What is Forex?

July 15, 2019
by Nick Alexander, Market Analyst

Article Recap

Forex is an acronym for Foreign Exchange and refers to the trading of Global Currencies.

What is Forex?

Forex or FX is an acronym for foreign exchange, meaning the currency belonging to a country and/or market. In trading, forex relates to the buying and selling of these currencies in order to make a financial profit when the value of those currencies change. The forex market is the world’s most liquid market with daily trading volumes exceeding five trillion dollars; which is why it’s so attractive to investors. It’s the world’s most liquid market purely because of the need to exchange currencies to buy goods and services overseas.

A simple example about Forex

A simple example here would be the exchange of currencies for leisurely holidays. A person from the United States travelling to Italy cannot pay for hotels or food in USD. They must exchange their money for Euros because that is the local currency accepted in Italy. On a broader scale, we can think of a country’s imports and exports to other nations and the need to exchange currencies to a local unit.

An over-the-counter (OTC) decentralised market

Forex is an over-the-counter (OTC) decentralised market, which means it doesn’t run from a central exchange. Instead, foreign exchange rates and prices are set by supply and demand within the market itself. The main participants in the Forex market include international banks, corporations, governments and central banks, institutional investors and retail (individual) investors.

Forex trading vs Stock Trading

Unlike stock trading, OTC markets do not run from a central exchange. Forex rates are set by traders engaging in the market, determining the price of a currency through buying and selling (supply and demand). When trading forex, you are trading price movements of the underlying asset whereas stock trading involves buying shares in a company and therefore a share in ownership.

Forex holds more liquidity than stock trading

As mentioned, the forex market holds more liquidity than stock trading, exceeding global equities 25 times over. Liquidity is important because it generally equates to tighter spreads, lower transactions costs and overall easier trading. Typically, stock trading is suited to long-term investors looking to hold a stock and earn dividends, while short-term investors including day-traders and scalpers are more suited to the Forex market.

History of Forex

The Forex market was created after World War II in a bid to stabilise global economies by pegging the value of currencies to the price of gold. By 1971, forex had evolved into a free-floating market where exchange rates were determined by supply and demand. At the time, the forex market was mostly traded by banks and hedge funds. As technology advanced, forex trading moved online, becoming easily accessible to brokers and retail traders via the internet.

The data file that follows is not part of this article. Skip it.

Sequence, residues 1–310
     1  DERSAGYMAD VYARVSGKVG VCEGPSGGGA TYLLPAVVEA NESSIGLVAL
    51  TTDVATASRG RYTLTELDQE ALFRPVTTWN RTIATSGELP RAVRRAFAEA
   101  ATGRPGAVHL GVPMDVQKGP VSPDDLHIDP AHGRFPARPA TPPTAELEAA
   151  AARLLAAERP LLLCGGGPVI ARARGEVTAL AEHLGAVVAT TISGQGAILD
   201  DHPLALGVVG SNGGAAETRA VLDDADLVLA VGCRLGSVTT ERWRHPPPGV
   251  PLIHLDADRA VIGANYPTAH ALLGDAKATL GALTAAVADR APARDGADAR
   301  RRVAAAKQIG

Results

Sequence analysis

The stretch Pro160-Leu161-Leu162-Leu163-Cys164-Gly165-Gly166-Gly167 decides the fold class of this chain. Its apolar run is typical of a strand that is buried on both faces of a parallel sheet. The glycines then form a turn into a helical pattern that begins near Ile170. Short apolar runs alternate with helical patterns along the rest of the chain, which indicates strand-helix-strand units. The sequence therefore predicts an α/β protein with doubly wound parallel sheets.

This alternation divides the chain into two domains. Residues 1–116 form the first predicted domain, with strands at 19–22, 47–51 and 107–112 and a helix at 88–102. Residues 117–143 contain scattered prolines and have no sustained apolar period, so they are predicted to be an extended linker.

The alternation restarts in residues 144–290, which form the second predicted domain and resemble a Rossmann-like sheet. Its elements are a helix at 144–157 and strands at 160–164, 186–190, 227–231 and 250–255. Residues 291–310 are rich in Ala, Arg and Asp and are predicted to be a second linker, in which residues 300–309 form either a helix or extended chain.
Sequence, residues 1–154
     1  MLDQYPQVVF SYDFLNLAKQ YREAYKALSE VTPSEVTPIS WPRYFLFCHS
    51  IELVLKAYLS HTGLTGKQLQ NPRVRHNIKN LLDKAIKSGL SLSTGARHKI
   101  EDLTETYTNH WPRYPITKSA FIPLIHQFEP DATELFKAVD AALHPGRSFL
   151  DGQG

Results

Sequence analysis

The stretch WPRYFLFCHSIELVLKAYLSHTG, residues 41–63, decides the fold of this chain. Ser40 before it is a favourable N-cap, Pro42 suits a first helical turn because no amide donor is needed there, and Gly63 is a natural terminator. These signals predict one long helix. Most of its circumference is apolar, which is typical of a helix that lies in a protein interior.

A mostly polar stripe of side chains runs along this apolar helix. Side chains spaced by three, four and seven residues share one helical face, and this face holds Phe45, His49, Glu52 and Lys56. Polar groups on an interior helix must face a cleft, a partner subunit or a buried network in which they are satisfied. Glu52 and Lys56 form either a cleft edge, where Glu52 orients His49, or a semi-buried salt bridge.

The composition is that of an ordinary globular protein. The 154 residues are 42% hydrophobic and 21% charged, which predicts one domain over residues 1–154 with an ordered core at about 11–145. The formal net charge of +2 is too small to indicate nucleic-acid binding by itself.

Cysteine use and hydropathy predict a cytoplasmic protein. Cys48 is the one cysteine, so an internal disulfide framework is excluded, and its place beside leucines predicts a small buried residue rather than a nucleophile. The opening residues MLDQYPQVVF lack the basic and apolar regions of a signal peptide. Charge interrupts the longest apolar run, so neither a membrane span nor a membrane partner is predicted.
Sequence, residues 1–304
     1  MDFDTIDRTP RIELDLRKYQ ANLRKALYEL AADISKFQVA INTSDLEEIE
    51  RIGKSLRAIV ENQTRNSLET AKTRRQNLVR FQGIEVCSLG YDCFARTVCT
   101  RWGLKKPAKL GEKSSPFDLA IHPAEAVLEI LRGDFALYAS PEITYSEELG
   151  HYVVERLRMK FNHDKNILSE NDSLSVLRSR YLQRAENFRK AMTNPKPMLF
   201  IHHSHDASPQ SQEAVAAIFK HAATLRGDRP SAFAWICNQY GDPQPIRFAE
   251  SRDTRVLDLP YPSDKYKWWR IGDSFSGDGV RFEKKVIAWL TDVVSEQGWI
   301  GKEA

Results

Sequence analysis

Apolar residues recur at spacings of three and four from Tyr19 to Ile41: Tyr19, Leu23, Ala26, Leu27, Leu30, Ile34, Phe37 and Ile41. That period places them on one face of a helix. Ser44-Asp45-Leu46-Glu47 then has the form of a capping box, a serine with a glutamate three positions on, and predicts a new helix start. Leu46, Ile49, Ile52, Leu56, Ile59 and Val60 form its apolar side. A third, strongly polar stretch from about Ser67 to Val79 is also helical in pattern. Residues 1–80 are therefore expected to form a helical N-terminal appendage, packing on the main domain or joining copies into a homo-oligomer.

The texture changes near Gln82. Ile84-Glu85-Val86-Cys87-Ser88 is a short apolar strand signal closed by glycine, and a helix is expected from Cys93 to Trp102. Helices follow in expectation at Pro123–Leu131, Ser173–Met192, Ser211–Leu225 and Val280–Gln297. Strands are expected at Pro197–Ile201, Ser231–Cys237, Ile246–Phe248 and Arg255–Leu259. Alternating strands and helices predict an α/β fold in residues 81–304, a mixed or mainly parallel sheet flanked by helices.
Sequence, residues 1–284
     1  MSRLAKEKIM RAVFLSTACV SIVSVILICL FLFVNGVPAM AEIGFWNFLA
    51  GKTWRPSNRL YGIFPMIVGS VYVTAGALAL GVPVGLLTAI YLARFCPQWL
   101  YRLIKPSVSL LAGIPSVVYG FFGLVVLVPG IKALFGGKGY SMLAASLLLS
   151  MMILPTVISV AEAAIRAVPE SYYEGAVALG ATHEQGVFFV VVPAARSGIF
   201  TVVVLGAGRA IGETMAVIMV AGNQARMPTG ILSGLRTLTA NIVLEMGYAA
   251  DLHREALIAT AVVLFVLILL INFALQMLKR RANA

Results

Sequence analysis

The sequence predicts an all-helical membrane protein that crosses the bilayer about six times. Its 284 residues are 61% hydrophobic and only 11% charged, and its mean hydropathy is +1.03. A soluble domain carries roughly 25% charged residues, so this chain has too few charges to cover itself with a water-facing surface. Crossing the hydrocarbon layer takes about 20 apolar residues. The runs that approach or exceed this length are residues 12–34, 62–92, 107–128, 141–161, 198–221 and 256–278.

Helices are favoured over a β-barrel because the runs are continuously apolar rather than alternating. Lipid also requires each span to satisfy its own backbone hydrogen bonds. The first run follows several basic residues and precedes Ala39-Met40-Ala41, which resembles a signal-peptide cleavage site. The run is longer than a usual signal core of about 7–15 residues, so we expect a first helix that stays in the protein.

Benefits of trading Forex

Longer trading hours

One benefit of trading forex is longer trading hours compared to individual stock exchanges. The Forex market is open 24 hours a day, 5 days a week, moving through four main inter-bank sessions; Sydney, Tokyo, London and New York. The London session is the largest inter-bank session. Longer trading hours makes forex more accessible and attractive to traders across different time zones.

Use of margin and leverage

Another benefit of trading forex is the use of margin and leverage; a concept that allows investors to trade on small deposits with exposure to larger amounts of money. For example, a trader might only have $1,000 in their trading account but could have access to buy/sell up to $30,000 on a 30:1 leverage.

Allows traders to speculate on price movements

Forex also allows traders to speculate on price movements, whether the currency pair moves higher or lower. If the currency pair moves in your favour, you will make a profit. Unlike the stock market, making a profit in forex doesn’t necessarily mean the price has to increase in value.

Risks of trading Forex

No financial investment is without its risks and forex is no stranger to losses. A 24-hour market means prices are always moving and a flash crash can easily result in traders losing the entirety of their initial deposit. The use of margin and leverage can also be risky when trading large amounts of money on a small margin. A lack of risk management or a move in the wrong direction can result in margin calls, where traders are forced to pay the loss. Trading forex has been described by some as gambling due to buying and selling on speculation.

The difference between Spot Forex and Forward Forex

Forex spot price

There are two types of forex contracts; a spot price and a forward price contract. A spot price is an immediate or current rate available to a buyer. If a transaction has been made and funds are required immediately, the buyer has no choice but to pay the spot price. This could apply to property purchases or deposits required on purchases overseas. The standard delivery date for a spot rate is 2 days. The spot rate is generally quoted in the retail market and used by travellers wishing to exchange currencies at their bank or a foreign exchange company, as seen at airports.